Last edited:
    light-in-dark

    light-in-dark

    Legendary Member
    It is hard not to be as we are racist.
    It is our arabic inferiority genes christians or Muslims, we are the same racist people. We can make partition and descriminate in our same family.
    For example, yes he is from haddad family, but he is not from jib mhkail (mokaddam el 3ayleh decades ago), he is from jib mil7im who was the peasant in the village.
    If you are black in Lebanon and you have a lot of money, no one looks at your Color. We are so superficial. Even clergy who should not be like that, they are this poison cookers ( not all of them).
    I will stop here to let someone else continue.
    But wait a minute when you are in a whole region like that (from Irak, Jordany, Syria, Palestine, especially Israel). Look the Falashas what they are living in the new haven Israel. So finally, yes as lebanese, we have to be less racist but we cannot be to different from what happening around us and in the world. Even here in Canada's there is racism.
     
    Robin Hood

    Robin Hood

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    We always complain about how Israelis are racist, yet we do the same if not worse.
     
    Hameed

    Hameed

    Well-Known Member
    yes you don't look Lebanese !! else how can I identify someone if my country becomes multinational .... where GOD has made us many.

    Those who truly want human rights should work against military industrial complexes not silly slogans like women rights and racisim and bullshit like that.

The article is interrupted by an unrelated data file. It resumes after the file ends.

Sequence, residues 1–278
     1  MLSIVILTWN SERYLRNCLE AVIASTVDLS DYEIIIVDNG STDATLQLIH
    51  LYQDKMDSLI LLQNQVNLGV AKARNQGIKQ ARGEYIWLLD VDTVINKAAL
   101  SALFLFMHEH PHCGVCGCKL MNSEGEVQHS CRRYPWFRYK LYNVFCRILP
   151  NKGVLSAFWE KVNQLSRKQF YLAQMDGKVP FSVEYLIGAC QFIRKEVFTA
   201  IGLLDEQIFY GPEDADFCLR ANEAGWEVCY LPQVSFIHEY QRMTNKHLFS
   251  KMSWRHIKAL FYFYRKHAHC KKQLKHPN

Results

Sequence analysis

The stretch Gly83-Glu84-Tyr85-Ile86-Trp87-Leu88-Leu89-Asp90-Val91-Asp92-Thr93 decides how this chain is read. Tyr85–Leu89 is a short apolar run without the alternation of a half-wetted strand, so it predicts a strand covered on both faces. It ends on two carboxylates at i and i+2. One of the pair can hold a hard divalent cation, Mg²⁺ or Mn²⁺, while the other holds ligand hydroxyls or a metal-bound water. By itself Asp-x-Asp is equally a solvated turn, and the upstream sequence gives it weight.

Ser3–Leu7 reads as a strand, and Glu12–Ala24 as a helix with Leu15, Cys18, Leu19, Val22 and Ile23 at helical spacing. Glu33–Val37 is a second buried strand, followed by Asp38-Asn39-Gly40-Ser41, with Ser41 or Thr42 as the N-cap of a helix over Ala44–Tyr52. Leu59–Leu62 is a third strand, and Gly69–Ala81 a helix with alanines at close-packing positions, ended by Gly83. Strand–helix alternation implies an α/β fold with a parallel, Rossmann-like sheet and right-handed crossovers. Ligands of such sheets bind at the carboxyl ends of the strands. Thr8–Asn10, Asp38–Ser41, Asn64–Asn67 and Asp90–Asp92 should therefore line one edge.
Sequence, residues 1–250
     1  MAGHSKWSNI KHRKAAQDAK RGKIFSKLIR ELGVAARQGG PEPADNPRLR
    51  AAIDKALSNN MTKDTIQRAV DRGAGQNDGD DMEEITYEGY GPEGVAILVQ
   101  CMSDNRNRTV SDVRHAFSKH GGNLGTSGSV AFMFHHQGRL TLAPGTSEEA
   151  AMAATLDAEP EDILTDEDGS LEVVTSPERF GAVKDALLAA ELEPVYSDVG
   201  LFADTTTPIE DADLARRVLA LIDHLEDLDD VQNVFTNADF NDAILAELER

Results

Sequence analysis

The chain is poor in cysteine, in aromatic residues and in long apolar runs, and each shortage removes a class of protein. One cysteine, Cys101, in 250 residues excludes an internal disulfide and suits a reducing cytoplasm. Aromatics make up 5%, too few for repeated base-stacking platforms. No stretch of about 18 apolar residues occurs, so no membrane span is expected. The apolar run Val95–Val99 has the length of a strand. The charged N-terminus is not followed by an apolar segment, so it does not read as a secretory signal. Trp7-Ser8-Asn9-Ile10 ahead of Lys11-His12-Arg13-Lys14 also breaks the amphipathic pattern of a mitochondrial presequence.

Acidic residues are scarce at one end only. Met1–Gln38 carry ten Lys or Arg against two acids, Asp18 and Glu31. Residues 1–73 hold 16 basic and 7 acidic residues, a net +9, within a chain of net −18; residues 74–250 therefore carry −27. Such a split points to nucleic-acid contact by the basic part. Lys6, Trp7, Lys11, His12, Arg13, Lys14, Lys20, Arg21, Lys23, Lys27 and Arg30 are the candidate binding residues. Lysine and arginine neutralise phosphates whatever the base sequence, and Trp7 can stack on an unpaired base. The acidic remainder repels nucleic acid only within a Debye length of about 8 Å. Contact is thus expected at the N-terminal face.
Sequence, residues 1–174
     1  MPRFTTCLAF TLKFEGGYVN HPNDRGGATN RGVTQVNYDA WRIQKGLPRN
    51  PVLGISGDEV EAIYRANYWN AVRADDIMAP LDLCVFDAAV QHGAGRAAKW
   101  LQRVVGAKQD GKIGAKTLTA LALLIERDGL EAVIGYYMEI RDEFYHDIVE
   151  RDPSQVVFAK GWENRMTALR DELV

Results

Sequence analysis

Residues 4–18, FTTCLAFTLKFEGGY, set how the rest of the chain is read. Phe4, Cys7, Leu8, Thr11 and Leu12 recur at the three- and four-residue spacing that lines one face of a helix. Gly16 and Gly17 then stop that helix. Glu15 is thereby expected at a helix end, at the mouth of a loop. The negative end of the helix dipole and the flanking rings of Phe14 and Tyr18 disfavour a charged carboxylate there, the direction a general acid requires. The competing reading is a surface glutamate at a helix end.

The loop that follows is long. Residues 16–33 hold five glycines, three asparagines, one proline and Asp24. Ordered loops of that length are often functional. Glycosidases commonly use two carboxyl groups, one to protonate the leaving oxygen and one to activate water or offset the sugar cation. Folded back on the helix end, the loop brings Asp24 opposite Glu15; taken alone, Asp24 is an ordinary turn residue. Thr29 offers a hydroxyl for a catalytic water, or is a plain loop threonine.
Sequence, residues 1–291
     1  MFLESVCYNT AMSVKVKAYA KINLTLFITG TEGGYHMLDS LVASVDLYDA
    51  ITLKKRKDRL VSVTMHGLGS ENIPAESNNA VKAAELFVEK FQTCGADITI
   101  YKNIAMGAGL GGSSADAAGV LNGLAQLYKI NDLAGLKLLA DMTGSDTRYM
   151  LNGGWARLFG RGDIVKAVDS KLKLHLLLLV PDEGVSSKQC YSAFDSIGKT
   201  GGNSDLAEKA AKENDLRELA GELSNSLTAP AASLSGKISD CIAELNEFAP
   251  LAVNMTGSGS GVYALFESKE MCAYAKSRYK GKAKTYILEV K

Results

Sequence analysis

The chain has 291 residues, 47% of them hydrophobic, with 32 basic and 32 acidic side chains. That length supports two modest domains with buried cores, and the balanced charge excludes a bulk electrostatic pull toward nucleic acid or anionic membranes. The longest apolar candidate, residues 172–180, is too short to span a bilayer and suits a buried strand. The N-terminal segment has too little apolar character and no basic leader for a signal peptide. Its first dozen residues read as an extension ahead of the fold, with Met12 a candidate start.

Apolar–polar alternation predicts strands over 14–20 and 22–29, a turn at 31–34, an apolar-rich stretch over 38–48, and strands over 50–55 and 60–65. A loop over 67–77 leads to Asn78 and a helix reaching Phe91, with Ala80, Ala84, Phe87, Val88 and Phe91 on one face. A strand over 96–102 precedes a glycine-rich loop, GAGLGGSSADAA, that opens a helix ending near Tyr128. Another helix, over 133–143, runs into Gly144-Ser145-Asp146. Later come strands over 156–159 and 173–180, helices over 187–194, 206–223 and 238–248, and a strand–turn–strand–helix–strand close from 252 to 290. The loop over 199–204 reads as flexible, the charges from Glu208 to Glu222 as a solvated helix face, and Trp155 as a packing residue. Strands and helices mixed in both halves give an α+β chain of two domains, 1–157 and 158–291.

do you think the black aren't racist ? do you think Europeans aren't racists ?! .... wlak Lebanon is being emptied from its original people and you dare talk about racism ?!

    rou7o afflo hek thread me2reef mitelkoun !!
     
    Hameed

    Hameed

    Well-Known Member
    Mixed couples face widespread discrimination



    EBRIN, Lebanon: Claude and Seble smile mischievously as they recount how they met five years ago. Husband and wife, they sit on the couch in their home in the quaint town of Ebrin, Batroun, overlooking the sea, and exchange a sly look as the question is raised. They are murky on the details.
    [...]
    - See more at: Mixed couples face widespread discrimination | News , Lebanon News | THE DAILY STAR
    wleh ma tala3 bi bayto ... law 2edeer yetjawaz benet balado ken tjawaza .... shu enno habileh hal daily star <== what an israelie newspaper printing inside Lebanon
     
    HannaTheCrusader

    HannaTheCrusader

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    wleh ma tala3 bi bayto ... law 2edeer yetjawaz benet balado ken tjawaza .... shu enno habileh hal daily star <== what an israelie newspaper printing inside Lebanon
    What's wrong with his house ???
    It looks homely, clean and very livable


    Wooowwww, that's low , even for you

    Mfakkar lebnan is populated with rich people...
    Poverty is not a crime nor to be ashamed of

    He is even considerate , having built a protector around the heater .....loving father